First, a suit under the CPC 1908 can be instituted only by the presentation of a plaint in duplicate whose facts are to be proved by an affidavit. Second, Section 26 contains the principle behind the institution of suit and Order I, II, IV, VI and VII are related to the procedural formalities. Third, the stages of institution of suit are: i) preparation of the plaint, ii) choosing proper place of suing, and iii) presentation of plaint. Fourth, the plaint must be prepared in accordance with the rules of Order VII. Fifth, the essentials of institution of suit are: i) parties to the suit, ii) subject-matter, iii) cause of action, and iv) relief. Sixth, in a suit the joinder of parties may be allowed by the Court if those are connected with the same transaction and the same question of law. Seventh, in case of every suit there are necessary parties and proper parties. Non-joinder and mis-joinder of necessary parties affect the course of justice. Eighth, in a suit if there are numerous persons having the same interest in one suit one or more of such persons may, with the permission of the court, sue or be sued, or may defend such suit, on behalf of, or for the benefit of, all persons so interested; such a suit is called the ‘representative suit’. Rule 8 of Order 1 deals with the procedural formalities of such suit. Ninth, every suit shall be as far as practicable be framed so as to afford ground for final decision upon the subjects in dispute and to prevent litigation concerning them. Tenth, on the basis of the subject-matter in dispute in a suit, the jurisdiction of civil Courts varies. Eleventh, a cause of action is the foundation of a suit. It must be antecedent to the institution of a suit and on the basis of it the suit must have been filed. Twelfth, joinder of several causes of action can be permitted if the circumstantial facts allow the same. Thirteenth, the claim of the plaintiff can be adjusted to the set-off and counter-claim of the defendant. Fourteenth, where a plaintiff omits to sue in respect of, or intentionally relinquishes any portion of his claim, he shall not afterwards sue in respect of the portion so omitted or relinquished.
The discussion on the institution of suit under the CPC and its essentials proves that the procedural formalities have been made with much complexity to ensure proper justice and to restrain vexatious and false suits in the course of administration of justice; but these complexities sometimes causes delay in the disposal of some cases. Thus too much adherence to the procedural formalities makes the Courts over-burdened with a huge number of cases. So the Civil Procedure Code has incorporated Section 89 for the settlement of certain disputes outside the Court through arbitration, conciliation, judicial settlement including settlement through Lok Adalat and mediation. To avoid unnecessary delay in the disposal of civil cases and to make balance between the number of suits instituted and disposed of, the Alternative Dispute Resolutions are in practice in India simultaneously with the general Civil Suits.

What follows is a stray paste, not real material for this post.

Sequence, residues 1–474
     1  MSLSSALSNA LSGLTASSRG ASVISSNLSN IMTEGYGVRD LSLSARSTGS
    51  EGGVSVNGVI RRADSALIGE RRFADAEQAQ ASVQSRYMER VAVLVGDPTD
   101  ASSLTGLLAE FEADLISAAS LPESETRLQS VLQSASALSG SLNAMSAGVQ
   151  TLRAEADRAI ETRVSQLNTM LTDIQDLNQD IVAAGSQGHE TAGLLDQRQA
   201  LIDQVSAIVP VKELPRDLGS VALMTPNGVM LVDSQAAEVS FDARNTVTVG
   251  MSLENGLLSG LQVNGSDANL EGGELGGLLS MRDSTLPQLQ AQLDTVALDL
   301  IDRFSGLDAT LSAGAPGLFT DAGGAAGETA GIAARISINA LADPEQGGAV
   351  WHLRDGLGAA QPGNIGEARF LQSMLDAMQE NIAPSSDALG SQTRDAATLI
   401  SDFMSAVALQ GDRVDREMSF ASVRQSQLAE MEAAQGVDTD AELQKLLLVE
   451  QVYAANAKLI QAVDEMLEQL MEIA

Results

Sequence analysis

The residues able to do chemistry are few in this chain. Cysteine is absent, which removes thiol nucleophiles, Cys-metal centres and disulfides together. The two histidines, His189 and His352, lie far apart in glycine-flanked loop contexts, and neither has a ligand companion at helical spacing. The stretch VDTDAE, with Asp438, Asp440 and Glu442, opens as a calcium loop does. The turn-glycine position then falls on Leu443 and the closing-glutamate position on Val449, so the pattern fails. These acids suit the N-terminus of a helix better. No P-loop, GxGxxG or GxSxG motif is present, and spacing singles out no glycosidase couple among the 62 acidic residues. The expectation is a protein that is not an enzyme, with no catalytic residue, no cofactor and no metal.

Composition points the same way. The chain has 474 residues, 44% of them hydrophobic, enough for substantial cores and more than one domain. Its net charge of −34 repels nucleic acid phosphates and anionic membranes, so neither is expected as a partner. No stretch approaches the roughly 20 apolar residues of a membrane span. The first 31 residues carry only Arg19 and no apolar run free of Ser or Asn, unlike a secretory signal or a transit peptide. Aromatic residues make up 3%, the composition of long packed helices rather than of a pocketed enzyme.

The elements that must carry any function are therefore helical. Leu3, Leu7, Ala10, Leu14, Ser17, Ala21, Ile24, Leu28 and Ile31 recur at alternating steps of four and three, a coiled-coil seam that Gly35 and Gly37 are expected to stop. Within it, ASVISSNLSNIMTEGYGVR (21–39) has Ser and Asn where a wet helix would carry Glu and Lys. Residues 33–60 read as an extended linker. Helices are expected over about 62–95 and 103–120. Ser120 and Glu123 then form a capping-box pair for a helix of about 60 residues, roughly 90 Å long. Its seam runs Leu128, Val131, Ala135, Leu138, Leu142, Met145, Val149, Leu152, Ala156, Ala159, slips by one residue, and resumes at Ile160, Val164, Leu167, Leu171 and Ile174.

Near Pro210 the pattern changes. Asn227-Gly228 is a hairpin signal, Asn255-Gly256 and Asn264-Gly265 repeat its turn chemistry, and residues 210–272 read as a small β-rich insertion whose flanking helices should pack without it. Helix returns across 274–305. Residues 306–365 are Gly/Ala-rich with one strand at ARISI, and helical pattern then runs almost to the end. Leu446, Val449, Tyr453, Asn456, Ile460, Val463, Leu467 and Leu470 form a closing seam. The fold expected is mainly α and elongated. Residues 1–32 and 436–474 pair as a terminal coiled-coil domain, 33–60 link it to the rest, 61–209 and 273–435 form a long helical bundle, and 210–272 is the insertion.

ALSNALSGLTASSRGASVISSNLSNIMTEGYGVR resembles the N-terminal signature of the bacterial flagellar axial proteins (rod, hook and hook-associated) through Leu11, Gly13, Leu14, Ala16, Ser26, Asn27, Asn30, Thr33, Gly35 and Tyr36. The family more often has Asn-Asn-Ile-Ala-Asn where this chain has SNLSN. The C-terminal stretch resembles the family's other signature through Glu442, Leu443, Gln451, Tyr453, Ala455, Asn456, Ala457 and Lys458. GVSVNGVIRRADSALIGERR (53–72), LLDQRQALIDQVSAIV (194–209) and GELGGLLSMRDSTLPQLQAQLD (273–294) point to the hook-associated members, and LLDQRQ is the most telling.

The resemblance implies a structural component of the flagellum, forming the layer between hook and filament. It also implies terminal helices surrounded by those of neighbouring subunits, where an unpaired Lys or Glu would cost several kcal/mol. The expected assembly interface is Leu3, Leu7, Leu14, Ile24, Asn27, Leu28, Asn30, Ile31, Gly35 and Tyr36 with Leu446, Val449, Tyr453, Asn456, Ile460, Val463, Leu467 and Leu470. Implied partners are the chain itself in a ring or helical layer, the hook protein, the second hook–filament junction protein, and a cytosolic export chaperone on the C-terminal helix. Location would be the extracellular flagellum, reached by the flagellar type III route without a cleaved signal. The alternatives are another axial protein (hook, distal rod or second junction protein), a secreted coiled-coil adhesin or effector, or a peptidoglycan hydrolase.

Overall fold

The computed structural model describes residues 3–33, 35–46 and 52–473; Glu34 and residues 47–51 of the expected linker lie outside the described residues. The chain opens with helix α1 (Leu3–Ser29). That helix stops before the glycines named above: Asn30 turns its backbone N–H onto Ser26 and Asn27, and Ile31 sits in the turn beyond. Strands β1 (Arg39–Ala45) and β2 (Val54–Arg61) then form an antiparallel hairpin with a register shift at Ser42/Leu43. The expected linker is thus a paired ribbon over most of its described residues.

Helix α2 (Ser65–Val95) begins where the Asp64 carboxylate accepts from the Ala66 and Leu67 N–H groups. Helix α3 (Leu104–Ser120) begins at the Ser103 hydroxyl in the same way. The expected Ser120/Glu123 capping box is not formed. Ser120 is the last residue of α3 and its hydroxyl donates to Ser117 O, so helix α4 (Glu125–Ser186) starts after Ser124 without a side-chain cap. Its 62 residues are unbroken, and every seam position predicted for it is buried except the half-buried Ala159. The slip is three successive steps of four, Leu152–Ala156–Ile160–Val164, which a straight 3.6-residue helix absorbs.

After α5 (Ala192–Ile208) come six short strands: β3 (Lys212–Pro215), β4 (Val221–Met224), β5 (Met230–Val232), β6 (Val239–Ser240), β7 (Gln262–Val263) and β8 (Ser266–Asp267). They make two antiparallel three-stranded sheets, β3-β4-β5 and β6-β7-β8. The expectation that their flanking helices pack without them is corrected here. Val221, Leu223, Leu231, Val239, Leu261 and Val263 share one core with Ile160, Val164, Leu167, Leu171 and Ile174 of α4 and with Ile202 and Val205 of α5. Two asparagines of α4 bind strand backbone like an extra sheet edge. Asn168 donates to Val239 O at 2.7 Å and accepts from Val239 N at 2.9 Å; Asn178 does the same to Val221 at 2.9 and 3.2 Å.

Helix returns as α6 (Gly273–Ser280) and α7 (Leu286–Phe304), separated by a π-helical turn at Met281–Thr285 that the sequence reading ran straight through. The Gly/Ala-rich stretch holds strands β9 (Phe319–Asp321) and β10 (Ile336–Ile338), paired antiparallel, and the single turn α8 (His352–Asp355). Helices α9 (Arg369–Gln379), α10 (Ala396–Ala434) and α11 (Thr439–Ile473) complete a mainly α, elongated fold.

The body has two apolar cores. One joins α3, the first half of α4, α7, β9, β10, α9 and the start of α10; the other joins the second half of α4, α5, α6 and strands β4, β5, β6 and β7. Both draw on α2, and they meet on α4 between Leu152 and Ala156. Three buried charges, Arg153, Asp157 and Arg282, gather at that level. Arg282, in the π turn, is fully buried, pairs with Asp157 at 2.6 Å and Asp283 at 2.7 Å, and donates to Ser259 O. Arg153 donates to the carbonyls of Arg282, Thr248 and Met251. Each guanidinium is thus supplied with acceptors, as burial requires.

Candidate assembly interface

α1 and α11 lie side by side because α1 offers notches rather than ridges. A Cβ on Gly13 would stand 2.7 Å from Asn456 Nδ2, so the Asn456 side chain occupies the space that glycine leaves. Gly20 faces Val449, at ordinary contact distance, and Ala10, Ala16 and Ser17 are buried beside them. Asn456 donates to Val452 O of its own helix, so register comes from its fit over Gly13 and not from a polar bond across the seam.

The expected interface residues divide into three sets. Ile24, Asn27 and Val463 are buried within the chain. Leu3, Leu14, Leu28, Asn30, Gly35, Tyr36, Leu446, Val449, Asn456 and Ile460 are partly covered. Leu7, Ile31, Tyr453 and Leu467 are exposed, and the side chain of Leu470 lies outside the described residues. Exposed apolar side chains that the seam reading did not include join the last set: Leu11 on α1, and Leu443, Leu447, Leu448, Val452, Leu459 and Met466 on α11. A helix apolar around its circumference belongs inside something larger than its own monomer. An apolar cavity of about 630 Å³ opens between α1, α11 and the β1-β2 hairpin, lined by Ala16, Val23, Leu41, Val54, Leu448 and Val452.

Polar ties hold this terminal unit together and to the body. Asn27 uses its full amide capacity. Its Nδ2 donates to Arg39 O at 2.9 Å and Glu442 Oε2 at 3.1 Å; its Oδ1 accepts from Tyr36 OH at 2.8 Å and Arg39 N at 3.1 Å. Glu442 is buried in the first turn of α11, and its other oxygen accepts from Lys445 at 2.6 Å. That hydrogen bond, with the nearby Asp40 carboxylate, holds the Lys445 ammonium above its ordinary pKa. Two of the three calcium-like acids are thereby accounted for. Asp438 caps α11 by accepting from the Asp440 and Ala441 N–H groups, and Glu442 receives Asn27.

# B.S.I. Ltd. v. Gift Holdings Pvt. Ltd., (2000) 2 SCC 737.
# C K Takwani, J, CIVIL PROCEDURE CODE with LIMITATION ACT, 1963 159 (Eastern Book Company, Lucknow, 7th ed., 2013).
# A R Lakshmanan, J (ed.), WHARTON’S LAW LEXICON 1663 (Universal Law Publishing Co. Pvt. Ltd., New Delhi, 15th ed., 2009); Gulab Bai v. Panphool Bai, AIR 1962 SC 214; Patel Roadways Ltd. v. Birla Yamaha Ltd., (2000) 4 SCC 91.
# Nachiappa Chettiar v. Subramaniam Chettiar, AIR 1960 SC 307: (1960) 2 SCR 209. Mithilesh Kumari v. Prem Behari Khare, AIR 1989 SC 1247: (1989) 1 SCR 621: (1989) 2 SCC 95. But as per the Limitation Act, 1963, Section 2(l) ‘suit’ does not include an appeal or an application (K.V. Gopinathan v. Kannankav Devasom Udama, AIR 2004 Ker 288).
# Madalsa International Ltd. v. Central Bank of India, AIR 1998 Bom 247.
# Hansraj Gupta v. Official Liquidators of The Dehra Dun-Mussoorie Electric Tramway Co. Ltd., (1932-1933) 60 IA 13: AIR 1933 PC 63; Pandurang Ramchandra v. Shantibai Ramchandra, 1989 Supp (2) SCC 627: AIR 1989 SC 2240; Maharana Bhagwat Singh Bahadur of Udaipur v. State of Rajasthan, AIR 1964 SC 444: (1964) 5 SCR 1: (1964) 1 SCWR 258: (1963) 25 FJR 171: (1964) 1 LLJ 33.
# Inserted by Act 46 of 1999, Section 2. The object behind such amendment was to bring uniformity in the rules framed by different High Courts as regards the manner of filing a suit by presentation of a plaint. The rules made by some High Courts require the plaint to be supported by an affidavit stating the genuineness of the claim of the plaintiff and of the documents on which he relies while no such affidavit is required under the rule made by some High Courts. So to bring uniformity, an affidavit in support of the contents of the plaint is mandatory, though it may appear to be a meaningless technicality. The word ‘proved’ necessarily means ‘supported’.
# Assan v. Pathumma, ILR (1899) 22 Mad 494; Girija Bai v. A. Thakur Das, AIR 1967 Mys 217, 219.
# This Rule 10 is preceded by Rules 10A and 10B; Rule 10A contains the rules regarding the power of Court to fix a date of appearance in the Court where plaint is to be filed after its return and Rule 10B, the power of appellate Court to transfer suit to the proper Court. (The only course to be adopted in such circumstances was to return the plaint for the presentation to the proper Court and not to dismiss it; R.S.D. Finance Co. Pvt. Ltd. v. Shree Vallabh Glass Works Ltd., AIR 1993 SC 2094.)
# When a pliant is returned for presentation to proper Court, it is treated to be a fresh plaint. Amendment of such plaint can be made without seeking permission for amendment. Such altered plaint cannot be dismissed on the ground that it contained averments not made in the original plaint (Hanamanthappa v.Chandra Shekharappa, AIR 1997 SC 1307: 1997 (9) SCC 688).